Or as another poet of this century said, ” Don’t follow meeters, just watch the parking meters.
And Damn….don’t drink the cool-ade.



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broken

posted October 14, 2009 at 6:53 am


Thank you Ellen for this article. I’ve been reading many angry voices on this subject, and it is so nice to hear someone taking a step back and approaching this topic without self-righteous judgment. I very much appreciate your thoughtfulness.
I paid to attend the Spiritual Warrior event, but was unable to make it. I have been to 3 other James Ray events and continue to value the knowledge he has shared with me. This tragedy has shaken me in many ways. A friend of mine is in a coma. A kind and loving community is in a state of grief and mourning, while at the same time being the subject of some heavy condemnation and ridicule. One of my favorite teachers is in a major crisis and I am struggling to separate the truths he has shared from the choices he has made. And of course, I am in a state of sobering reflection as to whether or not I’ve been suckered, brainwashed, or misguided into believing the things that James Ray has taught me. If the reporting on James Ray and his events were honest and accurate, there wouldn’t be any question that I was duped. But the media has it’s own credibility issues here, and that makes it all the more difficult to process this.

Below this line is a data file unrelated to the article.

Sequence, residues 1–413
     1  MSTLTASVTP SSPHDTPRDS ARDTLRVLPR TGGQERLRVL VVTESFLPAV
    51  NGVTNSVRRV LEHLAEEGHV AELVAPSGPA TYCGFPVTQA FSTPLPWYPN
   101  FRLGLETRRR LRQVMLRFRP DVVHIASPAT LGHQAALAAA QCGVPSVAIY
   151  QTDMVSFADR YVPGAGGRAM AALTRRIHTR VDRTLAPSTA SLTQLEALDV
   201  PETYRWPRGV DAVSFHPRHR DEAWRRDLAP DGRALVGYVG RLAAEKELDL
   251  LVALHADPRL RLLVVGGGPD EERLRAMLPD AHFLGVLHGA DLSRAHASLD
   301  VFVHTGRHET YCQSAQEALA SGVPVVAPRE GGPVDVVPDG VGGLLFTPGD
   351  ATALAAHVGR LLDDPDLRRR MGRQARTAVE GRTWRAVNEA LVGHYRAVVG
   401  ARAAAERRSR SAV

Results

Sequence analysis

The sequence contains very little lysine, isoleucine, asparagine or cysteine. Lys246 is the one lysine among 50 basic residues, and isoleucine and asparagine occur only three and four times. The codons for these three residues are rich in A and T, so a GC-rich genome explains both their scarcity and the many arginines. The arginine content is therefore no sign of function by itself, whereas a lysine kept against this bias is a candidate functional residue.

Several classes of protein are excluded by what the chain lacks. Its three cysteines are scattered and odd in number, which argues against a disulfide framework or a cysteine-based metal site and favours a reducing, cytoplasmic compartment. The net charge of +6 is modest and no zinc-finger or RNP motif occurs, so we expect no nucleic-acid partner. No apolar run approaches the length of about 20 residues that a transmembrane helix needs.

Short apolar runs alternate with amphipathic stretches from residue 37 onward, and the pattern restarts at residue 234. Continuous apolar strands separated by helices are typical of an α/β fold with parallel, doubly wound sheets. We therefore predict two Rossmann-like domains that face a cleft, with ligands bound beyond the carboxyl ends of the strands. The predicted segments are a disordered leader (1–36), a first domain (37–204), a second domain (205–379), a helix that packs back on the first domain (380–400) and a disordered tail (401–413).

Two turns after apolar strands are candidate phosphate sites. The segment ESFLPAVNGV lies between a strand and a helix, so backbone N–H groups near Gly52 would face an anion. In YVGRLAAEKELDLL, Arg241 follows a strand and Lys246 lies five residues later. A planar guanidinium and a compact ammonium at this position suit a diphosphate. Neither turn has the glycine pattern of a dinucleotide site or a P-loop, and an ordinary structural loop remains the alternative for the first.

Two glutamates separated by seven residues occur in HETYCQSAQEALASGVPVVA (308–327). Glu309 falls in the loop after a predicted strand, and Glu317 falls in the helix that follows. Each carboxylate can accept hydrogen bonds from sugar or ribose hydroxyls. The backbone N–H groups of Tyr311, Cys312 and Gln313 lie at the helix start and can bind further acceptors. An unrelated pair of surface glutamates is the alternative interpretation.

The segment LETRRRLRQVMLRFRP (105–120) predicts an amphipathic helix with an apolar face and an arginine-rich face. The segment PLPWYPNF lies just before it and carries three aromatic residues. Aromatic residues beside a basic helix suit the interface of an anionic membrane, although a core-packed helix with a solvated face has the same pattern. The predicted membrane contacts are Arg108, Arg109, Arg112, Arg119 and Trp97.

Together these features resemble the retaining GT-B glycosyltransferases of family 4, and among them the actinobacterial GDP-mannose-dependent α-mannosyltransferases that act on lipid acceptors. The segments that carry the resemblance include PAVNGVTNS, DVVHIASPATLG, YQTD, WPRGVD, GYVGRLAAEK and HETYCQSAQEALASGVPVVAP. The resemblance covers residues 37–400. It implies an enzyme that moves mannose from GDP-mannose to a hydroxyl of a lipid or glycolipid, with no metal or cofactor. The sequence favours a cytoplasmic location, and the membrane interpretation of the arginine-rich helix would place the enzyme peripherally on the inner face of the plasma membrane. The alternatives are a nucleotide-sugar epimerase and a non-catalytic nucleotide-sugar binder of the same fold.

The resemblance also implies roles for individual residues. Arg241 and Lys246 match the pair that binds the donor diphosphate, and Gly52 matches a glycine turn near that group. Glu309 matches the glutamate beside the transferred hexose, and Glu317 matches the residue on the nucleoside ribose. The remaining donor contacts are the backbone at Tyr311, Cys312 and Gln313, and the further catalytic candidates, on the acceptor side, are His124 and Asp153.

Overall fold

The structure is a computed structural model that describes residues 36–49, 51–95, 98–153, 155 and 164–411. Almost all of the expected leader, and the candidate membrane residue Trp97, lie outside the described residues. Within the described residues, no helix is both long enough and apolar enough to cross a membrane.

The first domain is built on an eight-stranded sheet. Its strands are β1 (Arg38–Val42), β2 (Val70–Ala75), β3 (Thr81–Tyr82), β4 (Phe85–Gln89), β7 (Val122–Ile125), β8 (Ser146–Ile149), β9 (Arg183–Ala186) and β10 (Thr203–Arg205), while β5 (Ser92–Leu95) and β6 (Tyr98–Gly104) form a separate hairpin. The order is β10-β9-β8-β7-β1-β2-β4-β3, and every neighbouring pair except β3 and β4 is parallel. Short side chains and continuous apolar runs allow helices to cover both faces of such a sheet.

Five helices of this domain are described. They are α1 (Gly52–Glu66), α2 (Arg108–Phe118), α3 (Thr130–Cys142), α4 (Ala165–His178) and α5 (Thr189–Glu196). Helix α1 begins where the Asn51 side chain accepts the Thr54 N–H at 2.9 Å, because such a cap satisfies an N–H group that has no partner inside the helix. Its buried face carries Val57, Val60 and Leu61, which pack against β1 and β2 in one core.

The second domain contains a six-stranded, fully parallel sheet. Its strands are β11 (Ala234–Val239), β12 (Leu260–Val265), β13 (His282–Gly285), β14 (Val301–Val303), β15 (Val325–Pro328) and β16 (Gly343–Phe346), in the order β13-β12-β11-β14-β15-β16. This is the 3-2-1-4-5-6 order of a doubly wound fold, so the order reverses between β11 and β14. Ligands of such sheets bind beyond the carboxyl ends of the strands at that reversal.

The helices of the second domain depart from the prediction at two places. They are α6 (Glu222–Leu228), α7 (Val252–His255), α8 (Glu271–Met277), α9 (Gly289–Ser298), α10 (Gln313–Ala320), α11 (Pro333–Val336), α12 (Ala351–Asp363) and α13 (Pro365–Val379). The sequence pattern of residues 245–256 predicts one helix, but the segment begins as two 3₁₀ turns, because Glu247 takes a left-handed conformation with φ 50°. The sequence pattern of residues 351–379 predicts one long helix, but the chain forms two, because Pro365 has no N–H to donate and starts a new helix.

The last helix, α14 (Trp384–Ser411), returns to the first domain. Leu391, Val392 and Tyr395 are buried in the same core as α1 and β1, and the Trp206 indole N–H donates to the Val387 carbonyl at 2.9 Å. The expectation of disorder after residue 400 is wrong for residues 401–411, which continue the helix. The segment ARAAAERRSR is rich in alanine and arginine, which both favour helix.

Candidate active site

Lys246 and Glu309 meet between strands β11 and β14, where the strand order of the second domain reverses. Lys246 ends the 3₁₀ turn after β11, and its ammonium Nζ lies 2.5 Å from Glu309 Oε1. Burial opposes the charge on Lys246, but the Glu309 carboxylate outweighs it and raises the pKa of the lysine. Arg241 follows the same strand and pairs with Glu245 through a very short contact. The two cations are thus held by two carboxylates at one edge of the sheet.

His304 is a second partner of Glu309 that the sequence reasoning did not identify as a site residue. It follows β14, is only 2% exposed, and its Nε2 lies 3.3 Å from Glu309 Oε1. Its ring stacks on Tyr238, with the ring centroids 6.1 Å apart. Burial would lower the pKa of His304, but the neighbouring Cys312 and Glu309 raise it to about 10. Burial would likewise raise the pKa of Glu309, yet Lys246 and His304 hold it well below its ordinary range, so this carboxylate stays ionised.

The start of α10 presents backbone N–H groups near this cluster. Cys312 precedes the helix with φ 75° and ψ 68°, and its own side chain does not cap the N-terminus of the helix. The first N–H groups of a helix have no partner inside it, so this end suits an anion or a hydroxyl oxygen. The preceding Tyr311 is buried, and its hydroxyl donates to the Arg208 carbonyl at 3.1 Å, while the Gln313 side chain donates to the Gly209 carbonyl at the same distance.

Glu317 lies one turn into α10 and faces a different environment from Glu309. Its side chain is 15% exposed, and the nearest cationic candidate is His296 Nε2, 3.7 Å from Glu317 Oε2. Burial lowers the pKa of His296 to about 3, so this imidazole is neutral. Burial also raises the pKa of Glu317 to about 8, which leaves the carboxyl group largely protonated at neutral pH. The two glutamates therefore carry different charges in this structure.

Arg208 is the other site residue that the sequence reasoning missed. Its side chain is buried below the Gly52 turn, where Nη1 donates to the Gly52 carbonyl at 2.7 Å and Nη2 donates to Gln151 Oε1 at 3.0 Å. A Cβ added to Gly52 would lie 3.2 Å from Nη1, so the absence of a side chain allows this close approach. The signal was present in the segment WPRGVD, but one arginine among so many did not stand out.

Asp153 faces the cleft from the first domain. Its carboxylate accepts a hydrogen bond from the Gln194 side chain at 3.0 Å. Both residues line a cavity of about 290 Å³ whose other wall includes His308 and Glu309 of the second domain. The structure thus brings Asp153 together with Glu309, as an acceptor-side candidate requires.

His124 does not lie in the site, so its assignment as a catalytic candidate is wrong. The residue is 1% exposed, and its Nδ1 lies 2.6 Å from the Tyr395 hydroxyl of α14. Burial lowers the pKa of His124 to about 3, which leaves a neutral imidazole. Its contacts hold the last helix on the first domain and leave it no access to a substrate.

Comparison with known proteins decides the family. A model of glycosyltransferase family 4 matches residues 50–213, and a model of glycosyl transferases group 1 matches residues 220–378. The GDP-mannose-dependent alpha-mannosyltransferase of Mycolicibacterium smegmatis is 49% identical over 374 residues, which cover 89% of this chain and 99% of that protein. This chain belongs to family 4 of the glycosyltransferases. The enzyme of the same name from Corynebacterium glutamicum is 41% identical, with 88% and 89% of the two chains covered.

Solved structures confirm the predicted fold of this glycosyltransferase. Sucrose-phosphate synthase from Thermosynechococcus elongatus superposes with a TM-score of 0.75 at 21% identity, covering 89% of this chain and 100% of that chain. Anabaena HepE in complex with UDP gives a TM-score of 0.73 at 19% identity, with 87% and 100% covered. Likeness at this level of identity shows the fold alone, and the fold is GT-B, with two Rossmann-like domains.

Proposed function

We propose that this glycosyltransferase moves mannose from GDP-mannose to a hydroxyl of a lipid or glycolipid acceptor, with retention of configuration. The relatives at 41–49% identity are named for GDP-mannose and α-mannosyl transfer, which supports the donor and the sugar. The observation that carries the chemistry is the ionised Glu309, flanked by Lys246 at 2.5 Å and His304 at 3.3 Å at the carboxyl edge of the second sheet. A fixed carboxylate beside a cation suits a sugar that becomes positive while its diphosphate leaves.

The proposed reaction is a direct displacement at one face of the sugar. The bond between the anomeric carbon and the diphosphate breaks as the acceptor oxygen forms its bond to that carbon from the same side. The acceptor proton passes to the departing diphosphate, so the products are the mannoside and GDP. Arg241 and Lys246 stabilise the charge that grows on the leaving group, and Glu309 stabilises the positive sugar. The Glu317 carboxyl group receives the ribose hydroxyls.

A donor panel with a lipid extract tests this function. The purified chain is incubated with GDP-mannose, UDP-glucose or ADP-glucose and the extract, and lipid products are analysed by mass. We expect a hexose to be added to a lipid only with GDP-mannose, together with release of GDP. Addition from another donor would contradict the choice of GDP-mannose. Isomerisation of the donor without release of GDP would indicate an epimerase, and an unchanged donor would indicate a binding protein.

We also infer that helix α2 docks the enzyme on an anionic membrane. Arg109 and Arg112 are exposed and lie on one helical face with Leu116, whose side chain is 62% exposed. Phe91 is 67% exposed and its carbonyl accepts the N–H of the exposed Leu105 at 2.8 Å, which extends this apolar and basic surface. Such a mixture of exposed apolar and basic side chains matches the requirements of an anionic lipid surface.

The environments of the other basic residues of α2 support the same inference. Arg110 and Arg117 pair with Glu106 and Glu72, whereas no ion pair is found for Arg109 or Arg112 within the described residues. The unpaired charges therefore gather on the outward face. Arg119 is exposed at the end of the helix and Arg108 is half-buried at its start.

For the sweat lodge, I fully acknowledge the need to shine the light on any questionable aspects in this tragedy. I have many questions too. But if there ever was an opportunity for sensationalized media, this is a perfect fit: a high priced spiritual retreat, a charismatic teacher, and a tragic event under extreme and unusual circumstances. It is easy to see why reports would imply that the attendees were either tricked or just plain foolish. I have yet to read a report that suggests that there might be something in these events that makes them worth the price.
From where I am at this moment, I believe it has been worth it. In the two years since my first event, I have overcome some deep-seeded fears and created a life that I never would have thought possible before. This includes an amazing relationship with my kids and my wife (who is a Christian), and a successful business that I love. In the events I attended, every day helped me to explore who I am and what I am here for. There was no prescribed path and we were encouraged to seek our own connection to God on our own unique journeys. We explored topics on spirituality, finances, relationships and mental health. Scientific evidence was consistently and accurately referenced. The people were wonderful and I have never met a community filled with such unconditional love, where I felt so accepted for being who I am. I met two of my best friends at these events.
I won’t be attending any more James ray events, if there are any more. I wish it didn’t have to be this way. But I will continue to pray and grieve for those who died and those who are suffering, including James Ray.



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Your Name

posted October 14, 2009 at 12:01 pm